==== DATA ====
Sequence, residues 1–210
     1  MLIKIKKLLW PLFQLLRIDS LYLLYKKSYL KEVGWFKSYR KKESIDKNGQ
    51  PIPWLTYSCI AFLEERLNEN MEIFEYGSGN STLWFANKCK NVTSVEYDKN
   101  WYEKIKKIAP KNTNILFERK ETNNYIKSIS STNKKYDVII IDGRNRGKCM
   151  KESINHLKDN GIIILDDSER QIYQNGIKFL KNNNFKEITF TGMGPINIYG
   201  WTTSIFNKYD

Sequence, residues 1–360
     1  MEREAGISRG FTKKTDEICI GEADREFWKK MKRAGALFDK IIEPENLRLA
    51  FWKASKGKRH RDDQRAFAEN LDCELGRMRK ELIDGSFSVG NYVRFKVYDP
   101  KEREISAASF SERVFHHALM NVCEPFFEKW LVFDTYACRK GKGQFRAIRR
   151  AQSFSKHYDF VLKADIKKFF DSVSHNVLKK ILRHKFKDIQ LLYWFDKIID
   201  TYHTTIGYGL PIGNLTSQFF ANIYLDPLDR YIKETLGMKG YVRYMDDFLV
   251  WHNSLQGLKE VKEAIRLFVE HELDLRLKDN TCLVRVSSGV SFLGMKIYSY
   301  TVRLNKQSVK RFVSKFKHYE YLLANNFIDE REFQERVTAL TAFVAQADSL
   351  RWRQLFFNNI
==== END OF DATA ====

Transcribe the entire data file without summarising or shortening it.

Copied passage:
Sequence, residues 1–210
     1  MLIKIKKLLW PLFQLLRIDS LYLLYKKSYL KEVGWFKSYR KKESIDKNGQ
    51  PIPWLTYSCI AFLEERLNEN MEIFEYGSGN STLWFANKCK NVTSVEYDKN
   101  WYEKIKKIAP KNTNILFERK ETNNYIKSIS STNKKYDVII IDGRNRGKCM
   151  KESINHLKDN GIIILDDSER QIYQNGIKFL KNNNFKEITF TGMGPINIYG
   201  WTTSIFNKYD

Sequence, residues 1–360
     1  MEREAGISRG FTKKTDEICI GEADREFWKK MKRAGALFDK IIEPENLRLA
    51  FWKASKGKRH RDDQRAFAEN LDCELGRMRK ELIDGSFSVG NYVRFKVYDP
   101  KEREISAASF SERVFHHALM NVCEPFFEKW LVFDTYACRK GKGQFRAIRR
   151  AQSFSKHYDF VLKADIKKFF DSVSHNVLKK ILRHKFKDIQ LLYWFDKIID
   201  TYHTTIGYGL PIGNLTSQFF ANIYLDPLDR YIKETLGMKG YVRYMDDFLV
   251  WHNSLQGLKE VKEAIRLFVE HELDLRLKDN TCLVRVSSGV SFLGMKIYSY
   301  TVRLNKQSVK RFVSKFKHYE YLLANNFIDE REFQERVTAL TAFVAQADSL
   351  RWRQLFFNNI